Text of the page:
Sunday, September 25, 2005

Composting 101 - You Don't Have to Be Perfect to Let Things Rot

On one of our visits to Missoula, MaGreen’s Uncle Stephen and Aunt Patricia walked us out back behind their fence to show us their compost piles. They were neatly organized in a series of wooden boxes. Three or four of them, perfectly constructed, each one holding a mix of yard waste and food scraps in varying states of decomposition. Stephen described the system, but I couldn’t really follow it. He has that kind of voice you would expect from an respected doctor who sees cancer patients every day. Each of his words is enunciated and weighted at the end, inflected with erudition and wisdom. Like their cooking, their exercise regimen, and their communes with nature at Glacier National Park, I found their compost piles to be impossibly perfect. MaGreen and I could never do that. Their rotting waste was neater than our office desks.

And yet, when we got back to Houston, our guilt about throwing away massive amounts of organic matter grew, burdened us with the weight of all the clippings that we’ve ever thrown away. Everyday it seemed we learned something new about how bad it is to throw away your food scraps and yard waste. When organic matter decomposes in big city dumps, it combines with the surrounding garbage to make all kinds of toxic stink that seeps into the ground and the water supply. And there isn’t much space left in dumps as it is. And if you haven’t figured it out already, MaGreen and I have overactive consciences. Knowing we are hurting the world out of carelessness and inaction bothers us.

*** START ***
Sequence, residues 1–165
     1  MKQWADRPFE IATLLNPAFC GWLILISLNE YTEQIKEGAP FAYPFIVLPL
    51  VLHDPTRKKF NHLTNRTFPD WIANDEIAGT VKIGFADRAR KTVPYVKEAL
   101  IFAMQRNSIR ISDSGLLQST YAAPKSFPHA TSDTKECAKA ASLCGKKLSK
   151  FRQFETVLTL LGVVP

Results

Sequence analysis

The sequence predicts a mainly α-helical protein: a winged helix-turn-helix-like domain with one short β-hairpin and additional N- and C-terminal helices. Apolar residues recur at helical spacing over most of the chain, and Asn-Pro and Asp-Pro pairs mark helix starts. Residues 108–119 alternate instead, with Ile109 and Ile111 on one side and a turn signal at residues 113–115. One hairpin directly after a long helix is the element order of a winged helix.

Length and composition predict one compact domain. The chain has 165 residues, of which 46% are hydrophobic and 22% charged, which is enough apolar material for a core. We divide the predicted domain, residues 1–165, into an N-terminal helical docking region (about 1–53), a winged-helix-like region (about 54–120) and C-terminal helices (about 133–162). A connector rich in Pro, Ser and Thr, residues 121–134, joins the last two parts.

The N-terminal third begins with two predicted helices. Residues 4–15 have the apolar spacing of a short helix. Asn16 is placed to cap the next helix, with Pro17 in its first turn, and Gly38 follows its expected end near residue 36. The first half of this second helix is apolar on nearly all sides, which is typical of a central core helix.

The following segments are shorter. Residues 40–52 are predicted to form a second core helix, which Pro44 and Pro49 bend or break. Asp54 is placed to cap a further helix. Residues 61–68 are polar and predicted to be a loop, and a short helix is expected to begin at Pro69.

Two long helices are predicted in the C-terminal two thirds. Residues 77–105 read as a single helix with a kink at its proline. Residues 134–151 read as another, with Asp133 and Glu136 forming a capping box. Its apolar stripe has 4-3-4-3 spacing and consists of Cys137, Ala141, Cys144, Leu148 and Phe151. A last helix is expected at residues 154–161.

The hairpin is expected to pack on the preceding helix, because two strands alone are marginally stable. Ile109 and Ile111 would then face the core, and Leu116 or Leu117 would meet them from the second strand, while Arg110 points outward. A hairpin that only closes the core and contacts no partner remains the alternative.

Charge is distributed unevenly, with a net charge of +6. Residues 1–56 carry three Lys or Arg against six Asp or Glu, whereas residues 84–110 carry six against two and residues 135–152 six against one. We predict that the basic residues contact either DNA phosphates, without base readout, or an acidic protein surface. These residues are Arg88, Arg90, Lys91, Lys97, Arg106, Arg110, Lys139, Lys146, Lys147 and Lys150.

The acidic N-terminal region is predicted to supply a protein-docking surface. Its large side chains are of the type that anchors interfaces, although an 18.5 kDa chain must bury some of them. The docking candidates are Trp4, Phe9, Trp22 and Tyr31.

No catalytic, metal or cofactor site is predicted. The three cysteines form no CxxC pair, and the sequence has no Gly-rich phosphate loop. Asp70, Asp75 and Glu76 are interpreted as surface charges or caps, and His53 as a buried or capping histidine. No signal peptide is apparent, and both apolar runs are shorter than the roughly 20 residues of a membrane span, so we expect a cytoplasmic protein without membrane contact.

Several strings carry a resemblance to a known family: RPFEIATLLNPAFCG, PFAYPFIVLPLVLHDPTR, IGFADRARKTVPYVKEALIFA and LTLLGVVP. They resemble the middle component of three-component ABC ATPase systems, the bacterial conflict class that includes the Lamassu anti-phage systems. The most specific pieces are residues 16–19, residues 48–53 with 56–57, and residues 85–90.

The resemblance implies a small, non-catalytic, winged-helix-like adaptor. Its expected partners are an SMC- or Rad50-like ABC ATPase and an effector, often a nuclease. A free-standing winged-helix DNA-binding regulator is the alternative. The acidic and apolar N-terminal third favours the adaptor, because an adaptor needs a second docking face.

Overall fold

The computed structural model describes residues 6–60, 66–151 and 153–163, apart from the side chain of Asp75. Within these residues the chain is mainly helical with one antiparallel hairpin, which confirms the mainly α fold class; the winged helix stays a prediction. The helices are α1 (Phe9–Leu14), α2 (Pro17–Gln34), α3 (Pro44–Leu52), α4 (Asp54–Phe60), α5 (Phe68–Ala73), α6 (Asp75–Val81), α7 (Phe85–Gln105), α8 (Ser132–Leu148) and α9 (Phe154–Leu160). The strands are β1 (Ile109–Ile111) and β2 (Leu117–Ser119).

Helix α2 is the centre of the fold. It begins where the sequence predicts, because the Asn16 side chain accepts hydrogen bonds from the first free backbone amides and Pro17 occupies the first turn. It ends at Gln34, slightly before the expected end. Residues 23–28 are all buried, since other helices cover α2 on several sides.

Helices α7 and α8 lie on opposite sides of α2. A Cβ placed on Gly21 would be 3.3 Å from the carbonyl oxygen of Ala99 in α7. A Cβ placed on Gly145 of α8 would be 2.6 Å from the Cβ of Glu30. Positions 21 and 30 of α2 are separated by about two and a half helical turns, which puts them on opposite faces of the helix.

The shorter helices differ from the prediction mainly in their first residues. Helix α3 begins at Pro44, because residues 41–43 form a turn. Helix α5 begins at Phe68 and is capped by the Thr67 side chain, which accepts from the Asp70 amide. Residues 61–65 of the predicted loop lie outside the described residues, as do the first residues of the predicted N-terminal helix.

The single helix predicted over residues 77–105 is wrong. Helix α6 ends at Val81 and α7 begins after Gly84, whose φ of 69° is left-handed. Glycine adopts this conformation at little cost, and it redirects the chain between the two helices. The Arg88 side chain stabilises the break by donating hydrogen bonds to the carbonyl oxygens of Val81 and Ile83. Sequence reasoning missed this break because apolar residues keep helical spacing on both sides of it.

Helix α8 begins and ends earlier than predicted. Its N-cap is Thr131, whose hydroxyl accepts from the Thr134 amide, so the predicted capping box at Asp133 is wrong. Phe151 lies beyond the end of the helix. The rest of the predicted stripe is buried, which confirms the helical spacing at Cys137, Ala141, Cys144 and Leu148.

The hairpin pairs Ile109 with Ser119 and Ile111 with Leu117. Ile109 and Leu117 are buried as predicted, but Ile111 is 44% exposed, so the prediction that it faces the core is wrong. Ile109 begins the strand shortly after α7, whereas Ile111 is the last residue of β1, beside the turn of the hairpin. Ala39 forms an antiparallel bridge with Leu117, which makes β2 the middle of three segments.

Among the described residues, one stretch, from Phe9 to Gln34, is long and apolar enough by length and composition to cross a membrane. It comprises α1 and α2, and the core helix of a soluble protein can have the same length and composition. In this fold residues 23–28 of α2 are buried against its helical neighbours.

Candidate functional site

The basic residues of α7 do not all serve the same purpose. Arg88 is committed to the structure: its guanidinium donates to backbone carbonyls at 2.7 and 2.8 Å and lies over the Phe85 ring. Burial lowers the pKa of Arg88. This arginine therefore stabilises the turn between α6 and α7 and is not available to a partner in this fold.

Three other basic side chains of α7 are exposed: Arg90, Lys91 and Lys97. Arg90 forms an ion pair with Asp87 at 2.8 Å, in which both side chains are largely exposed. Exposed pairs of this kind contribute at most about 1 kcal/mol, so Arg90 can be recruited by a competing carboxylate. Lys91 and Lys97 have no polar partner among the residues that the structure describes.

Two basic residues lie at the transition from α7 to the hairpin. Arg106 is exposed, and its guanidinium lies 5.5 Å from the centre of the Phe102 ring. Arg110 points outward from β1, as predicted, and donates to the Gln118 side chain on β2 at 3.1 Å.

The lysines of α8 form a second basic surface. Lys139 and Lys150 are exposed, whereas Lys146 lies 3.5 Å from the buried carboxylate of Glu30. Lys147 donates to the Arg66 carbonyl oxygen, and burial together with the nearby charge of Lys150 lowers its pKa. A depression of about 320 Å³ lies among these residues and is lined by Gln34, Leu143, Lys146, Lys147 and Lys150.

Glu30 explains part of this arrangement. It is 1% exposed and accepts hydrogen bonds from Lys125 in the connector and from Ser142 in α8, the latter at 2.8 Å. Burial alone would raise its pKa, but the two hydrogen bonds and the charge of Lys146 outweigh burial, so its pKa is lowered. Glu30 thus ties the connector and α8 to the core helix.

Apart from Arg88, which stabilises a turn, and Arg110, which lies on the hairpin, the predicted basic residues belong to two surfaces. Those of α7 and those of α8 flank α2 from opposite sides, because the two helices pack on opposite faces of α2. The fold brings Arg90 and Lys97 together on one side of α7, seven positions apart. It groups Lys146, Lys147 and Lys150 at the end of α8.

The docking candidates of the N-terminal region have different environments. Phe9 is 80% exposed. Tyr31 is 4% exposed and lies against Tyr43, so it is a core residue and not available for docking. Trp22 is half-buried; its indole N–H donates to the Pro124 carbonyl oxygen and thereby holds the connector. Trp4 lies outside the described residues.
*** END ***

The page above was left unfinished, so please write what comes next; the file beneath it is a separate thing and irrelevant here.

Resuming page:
We were trapped by our feelings of inadequacy and our guilt. Did I mention our fears? What if we started our compost wrong? Would it attract cockroaches and rats? What exactly can you put in it? Should it be closed and made of plastic? Do we need the kind of compost that has red worms? If you make a hot compost, can it explode? It seemed there were so many ways of composting, we would need to take a class to figure out how to start. Ultimately, we got over our fears. As with our other greening attempts, MaGreen’s being pregnant has gotten us motivated. In the next few weeks, I’ll be writing more about composting. Before I get to the specifics, I wanted to acknowledge that the first hurdle, if you are like us, is to realize that composting is not rocket science. You don’t have to be perfect to let things rot.

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